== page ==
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Food Permitted to Eat After Intestinal Surgery

author image Cheryl Hosmer
Cheryl Hosmer teaches online courses in writing and community journalism. She has written for various newspapers since 1983. She teamed up with author Marshall Terrill in 2001 as an editor of celebrity biographies. Hosmer holds a Bachelor of Arts in interdisciplinary studies from Madonna University. Her educational emphasis was poverty studies and journalism.
Food Permitted to Eat After Intestinal Surgery
Surgical procedure. Photo Credit: Stockbyte/Stockbyte/Getty Images

Intestinal surgery patients must follow strict post-surgery dietary guidelines. It is necessary to follow the guidelines set by your doctor so he can assess your progress and the effectiveness of the surgery. When you have intestinal surgery, you are not released from the hospital until you have a bowel movement to ensure that your intestines are eliminating food correctly.

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Clear Liquid Diet

Tea and liquids are necessary in the beginning of recovery.
Tea and liquids are necessary in the beginning of recovery. Photo Credit: ULTRA F/Photodisc/Getty Images

Intestinal surgery "stuns" your intestines for up to 5 days. Your diet must give your system time to rebound -- so you start passing bowel movements and gas once again. You will graduate from ice chips to clear liquids to get that process started and keep your body well hydrated. On a clear liquid diet, you may have foods that are liquid at room temperature. You can have water, coffee, tea, carbonated, fruit-flavored and cereal drinks, but no dairy products, including milk. Plain gelatin, ice pops, bouillon and other strained, clear, fat-free broths can provide needed nutrients and keep plenty of water in your system. Limited amounts of salt are fine as salt helps your body retain water.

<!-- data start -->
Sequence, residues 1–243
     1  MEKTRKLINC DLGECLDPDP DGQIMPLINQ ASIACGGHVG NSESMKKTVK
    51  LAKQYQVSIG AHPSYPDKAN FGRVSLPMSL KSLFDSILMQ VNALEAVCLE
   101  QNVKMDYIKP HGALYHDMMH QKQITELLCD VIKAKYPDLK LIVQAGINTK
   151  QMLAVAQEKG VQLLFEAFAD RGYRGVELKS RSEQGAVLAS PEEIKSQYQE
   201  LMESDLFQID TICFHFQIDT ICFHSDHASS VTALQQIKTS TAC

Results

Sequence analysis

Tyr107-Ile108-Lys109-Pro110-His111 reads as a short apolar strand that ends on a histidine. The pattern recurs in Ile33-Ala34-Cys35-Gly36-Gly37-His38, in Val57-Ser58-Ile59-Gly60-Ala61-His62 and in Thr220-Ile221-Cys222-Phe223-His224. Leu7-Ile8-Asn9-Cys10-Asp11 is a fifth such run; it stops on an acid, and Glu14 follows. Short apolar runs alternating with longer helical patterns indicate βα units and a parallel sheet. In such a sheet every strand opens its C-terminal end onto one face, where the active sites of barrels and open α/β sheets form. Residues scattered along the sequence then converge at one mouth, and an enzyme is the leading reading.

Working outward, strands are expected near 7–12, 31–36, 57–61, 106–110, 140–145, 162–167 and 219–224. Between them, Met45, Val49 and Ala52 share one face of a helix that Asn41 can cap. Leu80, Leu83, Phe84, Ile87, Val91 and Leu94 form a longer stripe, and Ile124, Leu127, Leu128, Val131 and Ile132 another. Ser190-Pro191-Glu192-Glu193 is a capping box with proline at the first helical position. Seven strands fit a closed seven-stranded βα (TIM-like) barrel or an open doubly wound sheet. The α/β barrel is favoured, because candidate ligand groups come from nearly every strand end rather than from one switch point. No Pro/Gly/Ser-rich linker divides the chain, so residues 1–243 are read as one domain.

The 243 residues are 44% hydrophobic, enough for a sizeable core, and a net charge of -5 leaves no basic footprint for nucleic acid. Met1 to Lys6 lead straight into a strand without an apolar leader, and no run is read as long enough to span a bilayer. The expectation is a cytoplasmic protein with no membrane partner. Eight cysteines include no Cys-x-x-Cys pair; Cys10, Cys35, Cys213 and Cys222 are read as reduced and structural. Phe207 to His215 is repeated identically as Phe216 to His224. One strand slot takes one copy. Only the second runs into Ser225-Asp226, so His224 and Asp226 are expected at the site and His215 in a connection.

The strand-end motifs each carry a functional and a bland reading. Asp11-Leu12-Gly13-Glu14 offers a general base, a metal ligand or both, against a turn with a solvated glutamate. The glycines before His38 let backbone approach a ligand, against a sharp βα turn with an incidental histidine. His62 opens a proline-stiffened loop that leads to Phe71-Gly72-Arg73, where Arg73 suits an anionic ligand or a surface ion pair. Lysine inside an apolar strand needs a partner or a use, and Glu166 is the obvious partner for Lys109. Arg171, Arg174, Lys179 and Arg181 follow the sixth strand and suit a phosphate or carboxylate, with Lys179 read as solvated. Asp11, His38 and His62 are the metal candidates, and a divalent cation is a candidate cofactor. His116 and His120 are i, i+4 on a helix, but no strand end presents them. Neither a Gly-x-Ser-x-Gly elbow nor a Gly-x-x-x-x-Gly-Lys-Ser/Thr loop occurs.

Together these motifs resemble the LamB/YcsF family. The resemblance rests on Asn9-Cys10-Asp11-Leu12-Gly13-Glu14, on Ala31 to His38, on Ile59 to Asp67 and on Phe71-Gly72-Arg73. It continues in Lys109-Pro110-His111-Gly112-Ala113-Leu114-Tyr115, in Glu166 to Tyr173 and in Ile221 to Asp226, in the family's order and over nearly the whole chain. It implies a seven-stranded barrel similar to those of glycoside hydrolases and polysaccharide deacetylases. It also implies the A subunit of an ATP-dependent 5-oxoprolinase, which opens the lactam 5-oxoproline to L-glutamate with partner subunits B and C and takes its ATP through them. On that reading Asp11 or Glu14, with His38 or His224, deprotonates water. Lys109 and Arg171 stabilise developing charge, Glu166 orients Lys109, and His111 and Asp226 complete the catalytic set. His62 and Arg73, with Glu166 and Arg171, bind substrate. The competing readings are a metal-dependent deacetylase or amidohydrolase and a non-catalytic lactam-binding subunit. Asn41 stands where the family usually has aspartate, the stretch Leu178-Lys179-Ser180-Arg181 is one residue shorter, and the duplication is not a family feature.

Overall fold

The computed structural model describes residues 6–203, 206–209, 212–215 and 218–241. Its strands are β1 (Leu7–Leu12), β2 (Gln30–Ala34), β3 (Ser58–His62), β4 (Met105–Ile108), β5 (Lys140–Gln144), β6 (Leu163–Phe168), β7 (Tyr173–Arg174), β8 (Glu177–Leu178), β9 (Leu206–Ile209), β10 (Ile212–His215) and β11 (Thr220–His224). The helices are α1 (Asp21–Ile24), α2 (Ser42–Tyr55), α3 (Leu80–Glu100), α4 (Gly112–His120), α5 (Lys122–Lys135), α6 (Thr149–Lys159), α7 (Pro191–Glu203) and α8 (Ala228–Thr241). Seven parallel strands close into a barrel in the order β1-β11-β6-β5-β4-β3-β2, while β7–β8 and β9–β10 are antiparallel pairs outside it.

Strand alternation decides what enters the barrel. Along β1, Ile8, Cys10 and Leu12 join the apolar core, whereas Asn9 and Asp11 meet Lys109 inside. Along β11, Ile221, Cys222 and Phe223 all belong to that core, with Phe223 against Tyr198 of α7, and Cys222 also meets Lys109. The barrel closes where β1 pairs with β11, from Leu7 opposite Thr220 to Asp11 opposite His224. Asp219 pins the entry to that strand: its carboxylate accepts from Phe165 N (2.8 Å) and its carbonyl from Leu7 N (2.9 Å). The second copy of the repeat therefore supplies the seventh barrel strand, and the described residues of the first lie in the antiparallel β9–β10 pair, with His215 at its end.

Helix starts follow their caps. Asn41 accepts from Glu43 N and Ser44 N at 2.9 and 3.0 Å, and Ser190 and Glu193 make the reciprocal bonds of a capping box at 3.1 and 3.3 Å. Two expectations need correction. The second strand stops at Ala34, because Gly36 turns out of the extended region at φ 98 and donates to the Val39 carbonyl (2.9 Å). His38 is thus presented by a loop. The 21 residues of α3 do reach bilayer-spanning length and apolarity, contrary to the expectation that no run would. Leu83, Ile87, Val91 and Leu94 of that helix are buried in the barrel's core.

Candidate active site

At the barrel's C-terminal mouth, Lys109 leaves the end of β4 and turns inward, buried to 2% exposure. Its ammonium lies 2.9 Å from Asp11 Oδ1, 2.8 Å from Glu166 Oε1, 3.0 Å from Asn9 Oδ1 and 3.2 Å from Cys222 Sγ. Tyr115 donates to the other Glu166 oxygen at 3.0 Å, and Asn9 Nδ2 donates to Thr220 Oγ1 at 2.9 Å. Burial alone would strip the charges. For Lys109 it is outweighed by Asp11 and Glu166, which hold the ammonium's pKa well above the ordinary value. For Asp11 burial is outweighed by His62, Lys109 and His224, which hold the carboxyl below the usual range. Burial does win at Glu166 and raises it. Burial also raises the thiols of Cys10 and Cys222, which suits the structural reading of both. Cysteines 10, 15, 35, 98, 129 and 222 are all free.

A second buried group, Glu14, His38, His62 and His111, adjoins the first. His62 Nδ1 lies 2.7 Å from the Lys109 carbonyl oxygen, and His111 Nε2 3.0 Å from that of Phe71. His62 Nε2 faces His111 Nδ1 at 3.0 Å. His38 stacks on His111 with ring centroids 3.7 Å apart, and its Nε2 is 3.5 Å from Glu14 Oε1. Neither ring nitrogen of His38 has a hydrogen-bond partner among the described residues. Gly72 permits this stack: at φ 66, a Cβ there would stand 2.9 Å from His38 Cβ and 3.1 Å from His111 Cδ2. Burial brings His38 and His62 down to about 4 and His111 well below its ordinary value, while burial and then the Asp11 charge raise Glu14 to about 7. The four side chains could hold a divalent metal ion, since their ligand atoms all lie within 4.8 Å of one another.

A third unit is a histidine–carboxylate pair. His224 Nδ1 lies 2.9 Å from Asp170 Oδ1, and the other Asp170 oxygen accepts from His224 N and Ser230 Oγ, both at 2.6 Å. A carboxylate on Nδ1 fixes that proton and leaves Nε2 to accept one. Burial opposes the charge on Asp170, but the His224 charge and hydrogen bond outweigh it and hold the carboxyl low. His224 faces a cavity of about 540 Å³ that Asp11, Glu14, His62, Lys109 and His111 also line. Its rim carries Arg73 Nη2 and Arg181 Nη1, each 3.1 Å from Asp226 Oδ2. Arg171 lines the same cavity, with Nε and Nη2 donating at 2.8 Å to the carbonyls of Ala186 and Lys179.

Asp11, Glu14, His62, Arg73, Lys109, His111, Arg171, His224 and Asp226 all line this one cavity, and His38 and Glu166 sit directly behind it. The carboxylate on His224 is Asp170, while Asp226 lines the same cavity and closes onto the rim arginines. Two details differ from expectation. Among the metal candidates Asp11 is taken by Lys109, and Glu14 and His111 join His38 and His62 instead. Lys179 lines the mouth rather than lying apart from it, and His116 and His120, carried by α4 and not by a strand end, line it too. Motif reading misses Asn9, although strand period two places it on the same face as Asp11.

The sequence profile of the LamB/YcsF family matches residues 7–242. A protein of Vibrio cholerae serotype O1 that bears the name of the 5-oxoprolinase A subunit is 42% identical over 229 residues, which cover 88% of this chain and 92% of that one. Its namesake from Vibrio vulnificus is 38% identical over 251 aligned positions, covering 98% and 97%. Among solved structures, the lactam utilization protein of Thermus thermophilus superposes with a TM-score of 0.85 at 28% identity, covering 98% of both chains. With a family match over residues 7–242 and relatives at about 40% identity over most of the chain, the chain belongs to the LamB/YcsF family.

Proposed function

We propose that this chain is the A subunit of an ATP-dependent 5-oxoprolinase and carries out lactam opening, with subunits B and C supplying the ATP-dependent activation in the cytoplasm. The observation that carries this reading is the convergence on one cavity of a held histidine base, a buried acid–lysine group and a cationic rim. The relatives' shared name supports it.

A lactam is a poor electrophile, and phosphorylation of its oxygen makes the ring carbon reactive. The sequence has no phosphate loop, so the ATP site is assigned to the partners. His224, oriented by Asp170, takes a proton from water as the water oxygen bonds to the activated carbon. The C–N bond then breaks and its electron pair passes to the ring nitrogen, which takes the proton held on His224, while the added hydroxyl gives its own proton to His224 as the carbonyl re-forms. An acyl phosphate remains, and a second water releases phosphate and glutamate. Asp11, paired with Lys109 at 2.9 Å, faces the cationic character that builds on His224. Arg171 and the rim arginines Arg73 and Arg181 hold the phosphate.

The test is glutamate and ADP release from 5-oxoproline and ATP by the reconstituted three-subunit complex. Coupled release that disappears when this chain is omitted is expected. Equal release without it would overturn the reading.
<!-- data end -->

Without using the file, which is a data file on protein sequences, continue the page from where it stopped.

Soft Diet

Soup can be a good, liquid meal.
Soup can be a good, liquid meal. Photo Credit: Magone/iStock/Getty Images

After a few days on a clear, liquid diet, you can begin a soft diet. Most non-fibrous foods are allowed on a soft-diet as long as they do not cause excess gas and bloating. Fibrous food, such as seeds, legumes, whole-grains, bran, strong cheeses, raw eggs, fruit and vegetables, unstrained soups and fried foods, are not allowed on the soft diet. Additionally, strong sauces and condiments, such as horseradish, barbecue, sweet-and-sour and Worcestershire sauces are not allowed. Tenderized meat that is baked, broiled, roasted or stewed like beef, lamb or veal is acceptable, while preserved or non-tender meats, such as cold cuts, smoked, salted or fried meats, are not.

Back Home

Follow your physician's instructions.
Follow your physician's instructions. Photo Credit: BananaStock/BananaStock/Getty Images

Your physician will give you instructions for your at-home care, including your dietary restrictions. Expect to eat only soft, easily digestible food during your first week home. These foods include anything on the clear and soft diets. Your doctor will likely instruct you to eat six small meals daily, about fist-size portions, and limit your sweets. Add regular diet food gradually, one type at a time, and drink lots of fluids. Avoid raw fruits and vegetables for a couple weeks to avoid painful abdominal cramps and bloat from the stool-thickening fiber. If cramps or bloating occur, or you have unexpected pain, contact your physician.


Continue with soft, easily digestable foods until instructed otherwise.
Continue with soft, easily digestable foods until instructed otherwise. Photo Credit: Merih Unal Ozmen/iStock/Getty Images

It typically takes your intestines 1 to 2 weeks to recover to your normal pre-operative status. Your doctor may advise you to begin a regular diet when he is satisfied that you are having regular bowel movements and acceptable pain levels. Foods that you "tolerate" will constitute your regular diet. Should pain occur, excess gas, a stoppage of your bowel movements, or anything else that causes concern, contact your doctor.

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